Home Trade, Foreign Trade, Carrying Trade Icon

January 1, 2020

24 Wholesale trade is the buying and selling by wholesale.

It may be reduced to three kinds=

  1. The home-trade

This is the purchase of local produce in one part of a country to sell in another part of the same country. It includes the inland and the coasting trade.

  1. The foreign trade of consumption

This is the purchase of foreign goods for home-consumption.

  1. The carrying trade

This is the carrying of the surplus produce of one country to another. It is the transacting of the commerce of foreign countries.

The Home Trade

25 The home trade generally replaces two distinct capitals [that of the buyer and that of the seller] employed in agriculture or manufactures. It enables the buyers and sellers to continue that employment.

The value of commodities sent out from the merchant’s shop generally returns an equal value of other commodities. When both commodities are domestic produce, it replaces two distinct capitals which support productive labour. It enables them to continue that support.

A trader’s capital sends Scotch manufactures to London and brings back English corn and manufactures to Edinburgh. His capital replaces distinct Scottish and English capitals employed in agriculture or manufactures.

The Foreign Trade of Consumption

26 The capital employed in buying foreign goods for home-consumption in exchange for domestic produce, also replaces two distinct capitals. But only one of them is employed in supporting domestic industry.

A trader’s capital sends British goods to Portugal and brings back Portuguese goods to Great Britain. His capital replaces only one British capital and only one Portuguese capital.

The foreign trade of consumption will only give half the encouragement to national industry as the home trade, even if its returns were as quick as the home-trade.

27 But the returns of the foreign trade of consumption are very seldom as quick as those of the home-trade. The returns of the home-trade come in before the end of the year. It comes three or four times in the year.

The returns of the foreign trade of consumption seldom come in before the end of the year. It sometimes comes after two or three years. A capital employed in the home-trade can make 12 operations.

It can be sent out and return 12 times, before that of the foreign trade of consumption has made one. If the capitals are equal, the home trade will give 24 times more encouragement to the country’s industry than the foreign trade.

28 The foreign goods for home-consumption may sometimes be bought with other foreign goods. Those other foreign goods must be bought immediately with domestic produce because foreign goods can only be bought with domestic goods, except during war and conquest.

The effects of a round-about foreign trade are the same as a direct foreign trade. Except that the final returns will likely be more distant because they must depend on the returns of two or three other foreign trades.

Assuming=

  • British manufactures are used to buy Virginia tobacco
  • Virginia tobacco is used to buy the flax & hemp of Latvia [Riga].

The merchant must wait for the returns of Virginia tobacco and the flax & hemp of Latvia before he can re-purchase British manufactures.

Assuming=

  • British manufactures are used to buy Jamaican sugar & rum instead,
  • Jamaican sugar & rum are used to buy Virginia tobacco, and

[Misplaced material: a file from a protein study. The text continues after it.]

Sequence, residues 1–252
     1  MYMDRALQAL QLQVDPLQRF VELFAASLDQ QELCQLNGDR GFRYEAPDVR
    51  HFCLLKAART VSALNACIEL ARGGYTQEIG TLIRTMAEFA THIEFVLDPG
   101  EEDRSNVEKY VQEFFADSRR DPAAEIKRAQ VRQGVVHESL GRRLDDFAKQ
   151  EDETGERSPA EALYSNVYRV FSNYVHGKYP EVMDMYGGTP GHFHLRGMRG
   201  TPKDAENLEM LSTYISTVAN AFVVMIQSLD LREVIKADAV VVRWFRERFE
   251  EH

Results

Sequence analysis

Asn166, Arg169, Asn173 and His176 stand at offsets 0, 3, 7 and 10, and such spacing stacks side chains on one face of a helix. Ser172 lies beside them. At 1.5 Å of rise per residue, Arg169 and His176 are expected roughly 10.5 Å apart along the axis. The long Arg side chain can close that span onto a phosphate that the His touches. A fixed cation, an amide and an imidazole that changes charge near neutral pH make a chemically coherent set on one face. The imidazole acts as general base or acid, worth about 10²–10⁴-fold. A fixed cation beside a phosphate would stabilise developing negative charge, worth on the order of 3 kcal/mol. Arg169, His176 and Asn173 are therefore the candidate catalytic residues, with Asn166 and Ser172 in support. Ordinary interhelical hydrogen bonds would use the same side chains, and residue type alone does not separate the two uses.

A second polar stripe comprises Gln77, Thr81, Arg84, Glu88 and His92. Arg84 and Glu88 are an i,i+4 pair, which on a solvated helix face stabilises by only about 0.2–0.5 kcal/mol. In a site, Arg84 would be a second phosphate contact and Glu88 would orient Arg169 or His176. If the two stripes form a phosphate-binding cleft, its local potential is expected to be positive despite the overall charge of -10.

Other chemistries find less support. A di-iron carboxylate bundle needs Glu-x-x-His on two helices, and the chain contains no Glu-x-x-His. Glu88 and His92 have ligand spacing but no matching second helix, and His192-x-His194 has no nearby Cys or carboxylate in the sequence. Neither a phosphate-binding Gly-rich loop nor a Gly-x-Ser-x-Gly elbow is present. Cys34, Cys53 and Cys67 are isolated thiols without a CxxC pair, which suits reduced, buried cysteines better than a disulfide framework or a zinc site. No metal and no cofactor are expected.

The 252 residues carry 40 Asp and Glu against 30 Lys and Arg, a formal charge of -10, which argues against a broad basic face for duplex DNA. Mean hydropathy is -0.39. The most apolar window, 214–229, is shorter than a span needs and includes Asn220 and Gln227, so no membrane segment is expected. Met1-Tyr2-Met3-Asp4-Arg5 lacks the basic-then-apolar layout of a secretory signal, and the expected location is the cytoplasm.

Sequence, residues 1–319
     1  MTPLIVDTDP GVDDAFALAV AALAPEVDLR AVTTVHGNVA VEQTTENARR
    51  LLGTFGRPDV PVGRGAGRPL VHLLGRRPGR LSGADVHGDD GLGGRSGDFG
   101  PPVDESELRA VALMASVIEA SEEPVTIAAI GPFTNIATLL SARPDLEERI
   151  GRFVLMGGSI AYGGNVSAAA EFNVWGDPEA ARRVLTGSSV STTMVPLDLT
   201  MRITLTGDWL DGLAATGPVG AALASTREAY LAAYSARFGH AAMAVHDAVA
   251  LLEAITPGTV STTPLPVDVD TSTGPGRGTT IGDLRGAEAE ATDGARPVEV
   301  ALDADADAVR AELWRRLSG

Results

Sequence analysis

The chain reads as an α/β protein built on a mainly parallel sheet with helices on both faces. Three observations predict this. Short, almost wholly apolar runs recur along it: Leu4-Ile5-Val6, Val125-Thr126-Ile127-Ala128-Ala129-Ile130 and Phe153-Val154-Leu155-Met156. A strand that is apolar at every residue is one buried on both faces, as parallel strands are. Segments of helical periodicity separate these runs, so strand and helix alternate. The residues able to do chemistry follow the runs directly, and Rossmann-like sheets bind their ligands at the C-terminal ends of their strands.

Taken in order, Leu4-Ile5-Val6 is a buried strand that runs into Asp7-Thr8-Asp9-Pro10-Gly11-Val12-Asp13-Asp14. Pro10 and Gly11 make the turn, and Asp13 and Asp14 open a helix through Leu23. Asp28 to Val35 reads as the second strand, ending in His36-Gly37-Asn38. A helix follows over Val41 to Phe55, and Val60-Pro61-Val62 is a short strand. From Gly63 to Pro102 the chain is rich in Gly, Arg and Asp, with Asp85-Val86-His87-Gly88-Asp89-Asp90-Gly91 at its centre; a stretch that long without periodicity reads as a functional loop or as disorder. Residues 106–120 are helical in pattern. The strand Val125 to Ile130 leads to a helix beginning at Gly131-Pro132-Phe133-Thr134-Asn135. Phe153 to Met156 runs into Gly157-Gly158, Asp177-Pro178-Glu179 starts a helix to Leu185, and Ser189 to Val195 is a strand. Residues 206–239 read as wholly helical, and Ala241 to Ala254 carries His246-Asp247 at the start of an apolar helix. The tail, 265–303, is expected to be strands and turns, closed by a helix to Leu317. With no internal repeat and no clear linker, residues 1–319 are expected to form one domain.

• Virginia tobacco are used to buy the flax & hemp of Latvia.

The merchant must wait for the returns of the goods from Jamaica, Virginia, and Latvia.

If those three foreign trades were done by three merchants, each merchant will receive the returns of his own capital more quickly if=

  • the first imports goods
  • the second buys the goods imported by the first
  • the third buys those goods imported by the second, to export them again.

But the final returns of the trade will be just as slow as ever.

It makes no difference to the country whether the capital employed in a round-about trade belong to one or three merchants. It may make a difference to the particular merchants. In both cases, three times more capital must be employed to exchange British manufactures for flax & hemp than necessary had the manufactures and the flax & hemp been directly exchanged for one another.

Such round-about foreign trade of consumption will generally give less encouragement to country’s productive labour than the direct trade of the same kind.

29 Whatever foreign goods are used to buy other foreign goods for home-consumption, brings no essential difference in=

  • the nature of the trade or
  • the encouragement it can give to the productive labour of the country it is carried on.

For example, if foreign goods are bought in Britain with Brazilian gold, this gold, like the tobacco of Virginia must have been bought with=

  • British produce or
  • another foreign commodity which was bought with British produce.

As far as the nation’s productive labour is concerned, the foreign trade done with gold and silver has all the advantages and inconveniences of any round-about foreign trade.

It will replace with the same speed the capital immediately employed in supporting that productive labour. It even has one advantage over other round-about foreign trades.

The transportation of those metals is less expensive than almost any other foreign goods, due to their small bulk and great value. Their freight is much less. Their insurance is not greater. No goods, besides, are less liable to suffer by the carriage.

By using gold and silver coins for trade=

  • an equal amount of foreign goods can be bought with fewer domestic produce, than with any other foreign goods
  • the country’s demand can be supplied more completely and at a smaller cost than in any foreign commodity.

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